In addition to holding governments to some degree of honesty, free news media bring a diversity of viewpoints to light, which allows for variance of opinions among the people. The resulting intellectual hodgepodge ensures the perpetual presence of a rebuttal for every presented argument and continually checks the increase in esteem of emerging ideas, both of which are vital to the preservation of personal rights and liberty in general.

Free news media are a necessary aspect of any society worthy of the prestige to be alled such. “Pride goeth before destruction”[1] and controlled media goeth before yranny. To vanquish free media would be to relinquish any claim to intellect and any grasp of the ideals of fair government and freedom.

Wednesday, April 04, 2007

"Free Media" Essay by Skye Ronald a Top Three Pick

"Free Media," by Skye Ronald of Stockton High School was a top three finisher in the Southwest Missouri PRO Chapter of the Society of Professional Journalists annual First Amendment Essay Contest for 2007. Here is the text of her winning entry:

The First Amendment of the Bill of Rights states that all citizens have the freedom of press. This right is important for many reasons and has never changed. This right gives the media the ability to say to the public the stories that tell what has been going on around the world. All citizens of the United States have the right to speak their mind and share stories through news media. News media is the way of life for U.S. citizens. With this they have a way of knowing facts about government and stories happening all around them.

The media provides a variety of opinions. During the vote for stem cell research some newspapers included articles that were for the research, while others came out with articles against the research. It is important to have more than one news outlet so that more than one opinion on a subject is available. People need to see more than one side of a story.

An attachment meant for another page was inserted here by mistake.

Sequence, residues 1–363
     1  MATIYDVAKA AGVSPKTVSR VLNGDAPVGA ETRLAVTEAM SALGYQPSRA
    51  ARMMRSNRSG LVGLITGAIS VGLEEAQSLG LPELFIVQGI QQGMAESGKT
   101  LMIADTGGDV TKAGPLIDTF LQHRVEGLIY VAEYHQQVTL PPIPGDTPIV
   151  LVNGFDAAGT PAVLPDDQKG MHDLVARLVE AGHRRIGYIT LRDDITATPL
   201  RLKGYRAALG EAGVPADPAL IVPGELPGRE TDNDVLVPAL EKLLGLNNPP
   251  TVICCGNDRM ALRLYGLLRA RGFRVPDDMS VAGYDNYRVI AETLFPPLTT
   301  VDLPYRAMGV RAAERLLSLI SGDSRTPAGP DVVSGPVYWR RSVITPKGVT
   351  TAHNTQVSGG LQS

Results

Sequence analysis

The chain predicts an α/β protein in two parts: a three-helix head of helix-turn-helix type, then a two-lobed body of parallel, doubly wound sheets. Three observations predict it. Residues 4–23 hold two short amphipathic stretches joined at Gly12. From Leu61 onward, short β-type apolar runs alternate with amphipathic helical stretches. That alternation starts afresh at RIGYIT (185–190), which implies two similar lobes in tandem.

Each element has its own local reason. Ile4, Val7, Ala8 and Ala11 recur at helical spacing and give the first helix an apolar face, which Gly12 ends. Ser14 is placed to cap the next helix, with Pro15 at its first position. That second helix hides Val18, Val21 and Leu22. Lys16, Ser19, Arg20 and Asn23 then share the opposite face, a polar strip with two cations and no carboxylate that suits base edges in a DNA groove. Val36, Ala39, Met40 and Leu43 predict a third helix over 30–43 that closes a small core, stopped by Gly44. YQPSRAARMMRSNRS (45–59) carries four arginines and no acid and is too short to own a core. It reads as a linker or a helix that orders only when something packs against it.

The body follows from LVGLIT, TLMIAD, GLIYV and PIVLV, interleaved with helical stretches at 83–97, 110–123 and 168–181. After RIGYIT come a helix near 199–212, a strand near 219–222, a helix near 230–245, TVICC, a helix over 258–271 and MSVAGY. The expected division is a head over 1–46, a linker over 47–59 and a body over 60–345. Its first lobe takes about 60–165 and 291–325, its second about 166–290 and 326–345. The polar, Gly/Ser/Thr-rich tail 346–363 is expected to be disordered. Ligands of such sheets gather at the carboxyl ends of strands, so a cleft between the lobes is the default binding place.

Another good reason for the freedom of media is the fact that people can have an opportunity to see what’s going on around them and within their country. It is important to be able to know facts about everything from outbreaks in disease to kidnapping to simply knowing the weather. For example, lately there was a big issue about salmonella in Peter Pan peanut butter. Without the ability for the media to freely tell us that story, many people would have not been able to know about this illness originating from peanut butter. Lost children’s pictures are posted as soon as the family is able to get out the information that they had been kidnapped. Without the freedom to post these pictures of the child, a kidnapper could get away with a crime. Recent posting of information helped catch a criminal in the St. Louis area. And though it may be small talk, people always are interested in what the weather will be like, and even more so in times of severe storms.

So from the everyday to the national, news media are important.

So is Skye correct? Give us your feedback.